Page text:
Causes of Thyroid Disorders


Thyroid disorders are broadly categorized into two types – hyperthyroid (increased thyroid production) or hypothyroid (decreased thyroid production). There can be various causes of thyroid disorders. Hypothyroidism can be caused by Thyroiditis – inflammation of the thyroid gland, Hashimoto’s thyroiditis – This is a painless disease of the immune system that is hereditary, Postpartum thyroiditis is a temporary condition and occurs in 5 percent to 9 percent of women after giving birth, Iodine deficiency – Earlier iodine deficiency was a major cause of concern leading to hypothyroidism. Now, because of ingestion of iodized salt, this is a negligible cause for hypothyroid.

 A non-functioning thyroid gland affects one in 4,000 newborns. If the problem isn’t corrected, the child will be physically and mentally retarded. Family history of hypothyroid – Thyroid problems have a genetic factor, so an aunt, mother, and great-uncle were all hypothyroid, next it increases chances of the same in the generation. Radiation and x-rays are known to cause damage to the thyroid, so throat should be covered when administering x-rays. Certain vegetables from the Brassica family: kale, broccoli, spinach, cabbage, cauliflower, and mustard (the greens and the seeds or condiment), Soy, wintergreen, turnips and walnuts have been shown to play a role in low thyroid levels.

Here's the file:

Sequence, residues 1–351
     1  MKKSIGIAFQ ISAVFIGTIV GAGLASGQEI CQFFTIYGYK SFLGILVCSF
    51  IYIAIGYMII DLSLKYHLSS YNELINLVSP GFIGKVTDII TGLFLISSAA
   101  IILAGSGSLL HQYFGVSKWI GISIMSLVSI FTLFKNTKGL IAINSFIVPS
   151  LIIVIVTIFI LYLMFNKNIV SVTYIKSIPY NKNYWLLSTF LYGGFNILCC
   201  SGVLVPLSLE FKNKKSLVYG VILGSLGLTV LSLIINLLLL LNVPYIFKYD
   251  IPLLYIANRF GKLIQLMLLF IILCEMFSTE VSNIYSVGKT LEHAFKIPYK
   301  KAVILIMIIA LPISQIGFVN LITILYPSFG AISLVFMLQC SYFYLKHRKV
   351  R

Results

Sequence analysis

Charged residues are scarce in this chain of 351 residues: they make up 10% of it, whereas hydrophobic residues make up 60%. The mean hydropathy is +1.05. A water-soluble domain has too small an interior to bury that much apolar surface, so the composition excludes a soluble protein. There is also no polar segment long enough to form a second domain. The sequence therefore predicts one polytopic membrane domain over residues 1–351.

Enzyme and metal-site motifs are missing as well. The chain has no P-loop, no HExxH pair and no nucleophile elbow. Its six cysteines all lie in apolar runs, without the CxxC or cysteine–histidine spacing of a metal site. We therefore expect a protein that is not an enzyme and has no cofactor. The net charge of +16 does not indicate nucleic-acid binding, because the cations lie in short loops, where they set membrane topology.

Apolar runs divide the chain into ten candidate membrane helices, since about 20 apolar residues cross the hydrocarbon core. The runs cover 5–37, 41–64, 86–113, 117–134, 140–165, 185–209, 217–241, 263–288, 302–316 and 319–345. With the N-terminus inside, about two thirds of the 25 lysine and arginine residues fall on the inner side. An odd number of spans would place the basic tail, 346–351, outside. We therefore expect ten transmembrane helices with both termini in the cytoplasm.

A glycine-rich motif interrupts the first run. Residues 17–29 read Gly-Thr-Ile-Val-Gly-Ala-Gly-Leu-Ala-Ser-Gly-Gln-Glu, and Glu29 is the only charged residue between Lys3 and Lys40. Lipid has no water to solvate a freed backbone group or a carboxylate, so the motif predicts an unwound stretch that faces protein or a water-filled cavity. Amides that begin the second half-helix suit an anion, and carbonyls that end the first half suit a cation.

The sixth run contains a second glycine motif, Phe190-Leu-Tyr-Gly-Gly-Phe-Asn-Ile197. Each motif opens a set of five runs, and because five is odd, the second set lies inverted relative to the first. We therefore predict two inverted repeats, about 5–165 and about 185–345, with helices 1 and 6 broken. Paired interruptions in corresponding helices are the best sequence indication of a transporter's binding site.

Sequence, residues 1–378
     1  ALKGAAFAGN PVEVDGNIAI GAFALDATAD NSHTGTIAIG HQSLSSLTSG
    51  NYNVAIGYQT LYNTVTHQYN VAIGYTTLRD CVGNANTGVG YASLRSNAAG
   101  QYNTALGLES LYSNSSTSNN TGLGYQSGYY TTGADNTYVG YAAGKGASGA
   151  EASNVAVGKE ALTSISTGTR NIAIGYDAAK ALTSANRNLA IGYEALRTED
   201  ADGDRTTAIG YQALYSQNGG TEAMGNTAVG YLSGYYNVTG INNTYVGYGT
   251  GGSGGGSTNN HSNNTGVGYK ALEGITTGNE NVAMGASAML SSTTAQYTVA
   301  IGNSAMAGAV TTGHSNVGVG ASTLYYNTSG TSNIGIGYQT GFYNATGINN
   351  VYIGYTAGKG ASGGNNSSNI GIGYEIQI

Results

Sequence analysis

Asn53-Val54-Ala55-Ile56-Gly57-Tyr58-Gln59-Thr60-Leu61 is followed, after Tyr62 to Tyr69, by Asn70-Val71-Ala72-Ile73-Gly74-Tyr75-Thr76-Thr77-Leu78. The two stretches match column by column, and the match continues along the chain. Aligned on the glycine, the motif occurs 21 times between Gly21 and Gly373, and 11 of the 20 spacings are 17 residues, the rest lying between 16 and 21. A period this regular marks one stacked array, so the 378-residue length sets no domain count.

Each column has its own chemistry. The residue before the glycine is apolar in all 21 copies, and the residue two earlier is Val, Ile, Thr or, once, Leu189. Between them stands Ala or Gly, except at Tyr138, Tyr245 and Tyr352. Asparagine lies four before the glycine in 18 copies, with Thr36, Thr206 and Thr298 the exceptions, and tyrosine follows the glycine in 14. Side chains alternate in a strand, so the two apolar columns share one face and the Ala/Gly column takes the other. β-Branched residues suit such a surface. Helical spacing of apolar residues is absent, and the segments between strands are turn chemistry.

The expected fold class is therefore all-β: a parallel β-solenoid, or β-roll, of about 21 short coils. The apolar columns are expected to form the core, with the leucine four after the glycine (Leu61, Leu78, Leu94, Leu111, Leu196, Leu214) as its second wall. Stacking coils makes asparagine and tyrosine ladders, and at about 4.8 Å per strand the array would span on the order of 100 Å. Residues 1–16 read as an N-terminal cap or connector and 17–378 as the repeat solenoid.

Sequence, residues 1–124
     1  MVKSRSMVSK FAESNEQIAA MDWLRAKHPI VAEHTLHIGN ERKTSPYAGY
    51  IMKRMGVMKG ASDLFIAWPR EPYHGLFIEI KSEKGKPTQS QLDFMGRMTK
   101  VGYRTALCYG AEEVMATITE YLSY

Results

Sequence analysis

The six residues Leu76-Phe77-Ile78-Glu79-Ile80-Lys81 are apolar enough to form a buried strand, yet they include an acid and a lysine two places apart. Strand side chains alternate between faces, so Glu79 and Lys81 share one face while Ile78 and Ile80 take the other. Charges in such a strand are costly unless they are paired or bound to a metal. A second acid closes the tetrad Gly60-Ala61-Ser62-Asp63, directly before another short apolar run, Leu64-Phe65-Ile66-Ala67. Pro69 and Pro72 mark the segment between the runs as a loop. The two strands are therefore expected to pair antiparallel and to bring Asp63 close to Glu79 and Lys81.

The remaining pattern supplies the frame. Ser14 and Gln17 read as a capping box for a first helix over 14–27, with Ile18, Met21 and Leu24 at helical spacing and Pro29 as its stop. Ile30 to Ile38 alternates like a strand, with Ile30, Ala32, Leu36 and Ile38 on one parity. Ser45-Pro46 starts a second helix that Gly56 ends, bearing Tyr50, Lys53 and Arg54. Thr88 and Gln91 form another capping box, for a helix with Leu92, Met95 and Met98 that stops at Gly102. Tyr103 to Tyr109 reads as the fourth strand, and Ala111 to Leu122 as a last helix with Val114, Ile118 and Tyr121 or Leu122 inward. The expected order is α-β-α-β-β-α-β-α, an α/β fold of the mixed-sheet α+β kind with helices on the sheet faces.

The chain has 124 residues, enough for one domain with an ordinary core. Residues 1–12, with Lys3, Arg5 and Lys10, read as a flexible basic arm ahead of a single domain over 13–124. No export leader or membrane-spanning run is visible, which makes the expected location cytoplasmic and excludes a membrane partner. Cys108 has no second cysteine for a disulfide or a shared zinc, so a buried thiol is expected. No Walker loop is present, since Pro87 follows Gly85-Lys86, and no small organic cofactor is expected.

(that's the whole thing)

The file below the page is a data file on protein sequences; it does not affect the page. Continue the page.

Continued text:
There is some evidence that injury to the neck, back and throat can have an impact on thyroid health. These injuries can be car accident and/or whiplash, sports-related accidents (riding, skiing, etc.), dental braces, bad chiropractic adjustment, surgery Stress is a factor in almost every type of disease, and it can affect the thyroid – especially if one or more of the above risk factors is already present. The causes for hyperthyroidism are Graves’ disease in which the entire thyroid gland might be overactive and produce too much hormone. Individual Nodules might be overactive within the thyroid. A single nodule is called toxic autonomously functioning thyroid nodule, while several nodules are called a toxic multi-nodular goiter.

 Thyroiditis, a disorder that can be painful or painless, can also release hormones that was stored in the thyroid gland causing hyperthyroidism for a few weeks or months. The painless variety occurs most frequently in women after childbirth. Excessive iodine found in a number of drugs such as Amiodarone, Lugol’s solution (iodine), and some cough syrups, might cause the thyroid to produce either too much or too little hormone in some individuals.

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Source by Vinay Gupta